S5 (classification)

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S5, SB4, SM5 are disability swimming classifications used for categorizing swimmers based on their level of disability. The class includes people a moderate level of disability, and includes people with full use of their arms and hands, but limited to no use of their trunk and legs. It also includes people with coordination problems. A variety of disabilities are represented by this class including people with cerebral palsy. The class competes at the Paralympic Games.

Definition[edit]

S5 classified Israeli swimmer Inbal Pezaro.

This classification is for swimming.[1] In the classification title, S represents Freestyle, Backstroke and Butterfly strokes. SB means breaststroke. SM means individual medley.[1] Swimming classifications are on a gradient, with one being the most severely physically impaired to ten having the least amount of physical disability.[2][3] Jane Buckley, writing for the Sporting Wheelies, describes the swimmers in this classification as having: "full use of their arms and hands but no trunk or leg muscles; Swimmers with coordination problems."[1]

Disability groups[edit]

This class includes people with several disability types include cerebral palsy, short stature and amputations.[4][5][6]

Amputee[edit]

Type of amputation for an A3 classified sportsperson.

ISOD amputee A1, A3 and A9 swimmers may be found in this class.[6] Prior to the 1990s, the A1, A3 and A9 classes were often grouped with other amputee classes in swimming competitions, including the Paralympic Games.[7]

Lower body amputations[edit]

Type of amputation for an A1 classified sportsperson.

A1 and A3 swimmers in this class have a similar stroke length and stroke rate to able bodied swimmers.[8] A study comparing the performance of swimming competitors at the 1984 Summer Paralympics found there was no significant difference in performance in times between men and women in A2 and A3 in the 50 meter breaststroke, men and women in A2 and A3 in the 50 meter freestyle, men and women in A2, A3 and A4 in the 25 meter butterfly, and men in A2 and A3 in the 50 meter backstroke.[9]

The nature of an A3 swimmers's amputations in this class can effect their physiology and sports performance.[10][11][12] Because of the potential for balance issues related to having an amputation, during weight training, amputees are encouraged to use a spotter when lifting more than 15 pounds (6.8 kg).[10] Lower limb amputations effect a person's energy cost for being mobile. To keep their oxygen consumption rate similar to people without lower limb amputations, they need to walk slower.[12] A3 swimmers use around 41% more oxygen to walk or run the same distance as some one without a lower limb amputation.[12] A1 swimmers use around 120% more oxygen to walk or run the same distance as some one without a lower limb amputation.[12]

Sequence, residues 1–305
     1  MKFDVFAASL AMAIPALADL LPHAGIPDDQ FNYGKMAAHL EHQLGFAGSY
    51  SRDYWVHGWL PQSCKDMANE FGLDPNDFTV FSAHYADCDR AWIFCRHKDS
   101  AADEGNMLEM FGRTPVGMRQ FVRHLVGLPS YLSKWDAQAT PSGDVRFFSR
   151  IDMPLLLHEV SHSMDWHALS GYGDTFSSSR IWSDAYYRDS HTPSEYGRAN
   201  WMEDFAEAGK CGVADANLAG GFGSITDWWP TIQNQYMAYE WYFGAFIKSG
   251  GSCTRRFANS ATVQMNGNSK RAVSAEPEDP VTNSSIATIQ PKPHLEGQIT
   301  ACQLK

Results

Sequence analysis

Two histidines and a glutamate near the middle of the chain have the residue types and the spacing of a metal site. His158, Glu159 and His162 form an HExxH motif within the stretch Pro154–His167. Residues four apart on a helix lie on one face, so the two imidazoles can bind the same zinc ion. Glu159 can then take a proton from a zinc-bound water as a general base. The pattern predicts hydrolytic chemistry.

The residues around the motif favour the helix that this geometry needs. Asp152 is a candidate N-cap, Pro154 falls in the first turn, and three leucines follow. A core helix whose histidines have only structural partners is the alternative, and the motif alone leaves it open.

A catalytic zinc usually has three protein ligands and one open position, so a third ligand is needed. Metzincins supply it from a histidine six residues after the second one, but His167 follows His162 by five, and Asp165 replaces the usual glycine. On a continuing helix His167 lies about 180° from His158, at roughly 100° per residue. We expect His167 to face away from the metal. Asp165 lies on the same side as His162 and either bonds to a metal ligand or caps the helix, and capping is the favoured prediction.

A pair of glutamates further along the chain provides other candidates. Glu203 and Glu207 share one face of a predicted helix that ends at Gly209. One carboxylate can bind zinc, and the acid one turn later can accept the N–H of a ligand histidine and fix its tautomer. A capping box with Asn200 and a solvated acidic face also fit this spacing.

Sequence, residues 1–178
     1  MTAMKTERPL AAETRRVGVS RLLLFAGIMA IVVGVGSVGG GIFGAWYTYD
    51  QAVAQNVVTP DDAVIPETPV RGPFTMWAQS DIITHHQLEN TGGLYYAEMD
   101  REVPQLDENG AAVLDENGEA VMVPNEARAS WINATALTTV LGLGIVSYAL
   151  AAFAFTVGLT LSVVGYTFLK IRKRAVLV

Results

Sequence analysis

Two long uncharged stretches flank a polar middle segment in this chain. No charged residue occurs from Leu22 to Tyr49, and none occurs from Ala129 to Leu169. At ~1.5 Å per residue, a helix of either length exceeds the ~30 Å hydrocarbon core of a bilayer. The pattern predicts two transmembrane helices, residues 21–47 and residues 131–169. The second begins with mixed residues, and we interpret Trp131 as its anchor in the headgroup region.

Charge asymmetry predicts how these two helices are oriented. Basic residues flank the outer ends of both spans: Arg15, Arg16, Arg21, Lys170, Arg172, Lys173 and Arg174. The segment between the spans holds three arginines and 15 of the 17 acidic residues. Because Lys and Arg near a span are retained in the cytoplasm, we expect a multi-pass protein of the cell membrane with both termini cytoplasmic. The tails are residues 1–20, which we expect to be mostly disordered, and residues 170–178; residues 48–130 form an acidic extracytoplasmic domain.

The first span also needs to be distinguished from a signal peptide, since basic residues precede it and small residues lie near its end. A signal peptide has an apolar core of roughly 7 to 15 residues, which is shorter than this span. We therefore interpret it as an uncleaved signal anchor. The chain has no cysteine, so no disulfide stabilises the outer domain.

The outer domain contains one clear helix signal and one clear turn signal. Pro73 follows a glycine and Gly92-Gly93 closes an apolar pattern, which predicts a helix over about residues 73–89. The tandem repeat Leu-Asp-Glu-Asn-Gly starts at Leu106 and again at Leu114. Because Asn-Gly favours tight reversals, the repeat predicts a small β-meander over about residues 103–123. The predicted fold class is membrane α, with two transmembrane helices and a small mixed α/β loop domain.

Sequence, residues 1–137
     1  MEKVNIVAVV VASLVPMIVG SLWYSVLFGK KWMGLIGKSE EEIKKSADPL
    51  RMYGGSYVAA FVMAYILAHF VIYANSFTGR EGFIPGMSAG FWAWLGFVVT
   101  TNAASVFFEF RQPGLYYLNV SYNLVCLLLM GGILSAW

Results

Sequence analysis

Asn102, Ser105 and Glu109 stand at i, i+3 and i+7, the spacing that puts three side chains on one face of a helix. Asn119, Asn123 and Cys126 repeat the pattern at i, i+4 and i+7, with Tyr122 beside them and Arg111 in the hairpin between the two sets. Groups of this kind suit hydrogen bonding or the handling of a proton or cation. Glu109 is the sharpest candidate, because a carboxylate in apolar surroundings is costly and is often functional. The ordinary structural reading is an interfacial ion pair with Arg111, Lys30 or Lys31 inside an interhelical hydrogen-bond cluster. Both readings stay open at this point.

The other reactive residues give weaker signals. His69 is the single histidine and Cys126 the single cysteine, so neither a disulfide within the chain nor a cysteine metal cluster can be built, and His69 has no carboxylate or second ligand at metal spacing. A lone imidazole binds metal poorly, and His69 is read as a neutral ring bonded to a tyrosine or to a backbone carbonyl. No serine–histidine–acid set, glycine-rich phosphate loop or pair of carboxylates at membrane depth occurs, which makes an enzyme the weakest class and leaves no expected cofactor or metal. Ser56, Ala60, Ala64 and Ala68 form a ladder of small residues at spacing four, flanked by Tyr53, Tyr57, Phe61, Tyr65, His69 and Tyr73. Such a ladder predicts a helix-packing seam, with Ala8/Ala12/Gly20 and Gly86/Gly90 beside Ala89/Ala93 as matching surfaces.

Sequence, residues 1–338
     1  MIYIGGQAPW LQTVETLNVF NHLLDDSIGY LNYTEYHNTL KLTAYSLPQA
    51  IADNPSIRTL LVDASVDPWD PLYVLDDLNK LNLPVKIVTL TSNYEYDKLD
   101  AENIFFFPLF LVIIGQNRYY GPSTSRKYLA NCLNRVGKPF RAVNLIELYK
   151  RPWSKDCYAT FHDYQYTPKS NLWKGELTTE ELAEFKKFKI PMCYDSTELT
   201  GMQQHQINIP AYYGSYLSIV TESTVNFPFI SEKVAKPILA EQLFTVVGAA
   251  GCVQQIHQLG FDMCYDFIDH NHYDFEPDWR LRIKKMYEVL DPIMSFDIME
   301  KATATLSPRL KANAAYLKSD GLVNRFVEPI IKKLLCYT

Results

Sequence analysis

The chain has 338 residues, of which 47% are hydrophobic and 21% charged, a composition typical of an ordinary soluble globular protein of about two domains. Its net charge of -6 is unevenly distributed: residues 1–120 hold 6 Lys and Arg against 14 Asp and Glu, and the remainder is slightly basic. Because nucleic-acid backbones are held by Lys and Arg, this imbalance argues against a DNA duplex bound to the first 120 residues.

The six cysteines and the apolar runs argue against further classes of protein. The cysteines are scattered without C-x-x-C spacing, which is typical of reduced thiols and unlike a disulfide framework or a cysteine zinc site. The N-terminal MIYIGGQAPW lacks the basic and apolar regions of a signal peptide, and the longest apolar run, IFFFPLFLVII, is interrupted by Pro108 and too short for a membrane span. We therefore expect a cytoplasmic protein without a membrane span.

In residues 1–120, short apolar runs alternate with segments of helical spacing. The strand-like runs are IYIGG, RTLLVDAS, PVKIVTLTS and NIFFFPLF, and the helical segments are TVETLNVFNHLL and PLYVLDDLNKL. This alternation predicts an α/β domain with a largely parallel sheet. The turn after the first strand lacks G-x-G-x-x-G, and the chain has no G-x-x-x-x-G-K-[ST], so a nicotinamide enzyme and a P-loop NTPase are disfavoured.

Upper and lower limb amputations[edit]

Type of amputation for an A9 classified sportsperson.

ISOD amputee A9 swimmers may be found in several classes. These include S2, S3, S4, S5 and S8.[13][14] Prior to the 1990s, the A9 class was often grouped with other amputee classes in swimming competitions, including the Paralympic Games.[15] Swimmers in this class have a similar stroke length and stroke rate to able bodied swimmers.[8]

The nature of a person's amputations in this class can effect their physiology and sports performance.[10][12][12] Because of the potential for balance issues related to having an amputation, during weight training, amputees are encouraged to use a spotter when lifting more than 15 pounds (6.8 kg).[10] Lower limb amputations effect a person's energy cost for being mobile. To keep their oxygen consumption rate similar to people without lower limb amputations, they need to walk slower.[12] Because they are missing a limb, amputees are more prone to overuse injuries in their remaining limbs. Common problems with intact upper limbs for people in this class include rotator cuffs tearing, shoulder impingement, epicondylitis and peripheral nerve entrapment.[12]

Cerebral palsy[edit]

The spasticity athetosis level and location of a CP5 sportsperson.

One of the disability groups in this classification is swimmers with cerebral palsy, including CP4 and CP5 classified swimmers.[16]